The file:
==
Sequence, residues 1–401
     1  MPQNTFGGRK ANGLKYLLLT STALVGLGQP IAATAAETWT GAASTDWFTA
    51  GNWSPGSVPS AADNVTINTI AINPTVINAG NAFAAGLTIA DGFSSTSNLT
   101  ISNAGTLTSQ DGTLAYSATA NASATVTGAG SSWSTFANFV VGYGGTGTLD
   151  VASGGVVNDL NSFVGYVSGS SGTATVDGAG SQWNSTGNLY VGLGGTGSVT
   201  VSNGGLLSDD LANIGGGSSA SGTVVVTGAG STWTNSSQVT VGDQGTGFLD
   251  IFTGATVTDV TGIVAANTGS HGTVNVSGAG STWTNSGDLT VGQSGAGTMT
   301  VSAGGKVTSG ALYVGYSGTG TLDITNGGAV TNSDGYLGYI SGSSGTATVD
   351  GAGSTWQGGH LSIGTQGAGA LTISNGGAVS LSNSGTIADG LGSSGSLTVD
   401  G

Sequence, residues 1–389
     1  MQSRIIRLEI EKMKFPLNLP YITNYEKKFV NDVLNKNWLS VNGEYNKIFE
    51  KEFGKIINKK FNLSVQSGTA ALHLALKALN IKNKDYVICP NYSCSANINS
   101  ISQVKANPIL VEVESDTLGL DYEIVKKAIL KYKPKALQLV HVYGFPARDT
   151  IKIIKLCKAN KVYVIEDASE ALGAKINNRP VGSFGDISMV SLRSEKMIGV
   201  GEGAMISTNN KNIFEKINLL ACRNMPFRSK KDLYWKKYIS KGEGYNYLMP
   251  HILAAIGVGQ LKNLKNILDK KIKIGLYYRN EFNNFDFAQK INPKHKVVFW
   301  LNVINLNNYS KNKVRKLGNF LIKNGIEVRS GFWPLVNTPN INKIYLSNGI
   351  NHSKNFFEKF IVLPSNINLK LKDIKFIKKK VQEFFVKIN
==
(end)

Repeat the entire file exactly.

Sequence, residues 1–401
     1  MPQNTFGGRK ANGLKYLLLT STALVGLGQP IAATAAETWT GAASTDWFTA
    51  GNWSPGSVPS AADNVTINTI AINPTVINAG NAFAAGLTIA DGFSSTSNLT
   101  ISNAGTLTSQ DGTLAYSATA NASATVTGAG SSWSTFANFV VGYGGTGTLD
   151  VASGGVVNDL NSFVGYVSGS SGTATVDGAG SQWNSTGNLY VGLGGTGSVT
   201  VSNGGLLSDD LANIGGGSSA SGTVVVTGAG STWTNSSQVT VGDQGTGFLD
   251  IFTGATVTDV TGIVAANTGS HGTVNVSGAG STWTNSGDLT VGQSGAGTMT
   301  VSAGGKVTSG ALYVGYSGTG TLDITNGGAV TNSDGYLGYI SGSSGTATVD
   351  GAGSTWQGGH LSIGTQGAGA LTISNGGAVS LSNSGTIADG LGSSGSLTVD
   401  G

Sequence, residues 1–389
     1  MQSRIIRLEI EKMKFPLNLP YITNYEKKFV NDVLNKNWLS VNGEYNKIFE
    51  KEFGKIINKK FNLSVQSGTA ALHLALKALN IKNKDYVICP NYSCSANINS
   101  ISQVKANPIL VEVESDTLGL DYEIVKKAIL KYKPKALQLV HVYGFPARDT
   151  IKIIKLCKAN KVYVIEDASE ALGAKINNRP VGSFGDISMV SLRSEKMIGV
   201  GEGAMISTNN KNIFEKINLL ACRNMPFRSK KDLYWKKYIS KGEGYNYLMP
   251  HILAAIGVGQ LKNLKNILDK KIKIGLYYRN EFNNFDFAQK INPKHKVVFW
   301  LNVINLNNYS KNKVRKLGNF LIKNGIEVRS GFWPLVNTPN INKIYLSNGI
   351  NHSKNFFEKF IVLPSNINLK LKDIKFIKKK VQEFFVKIN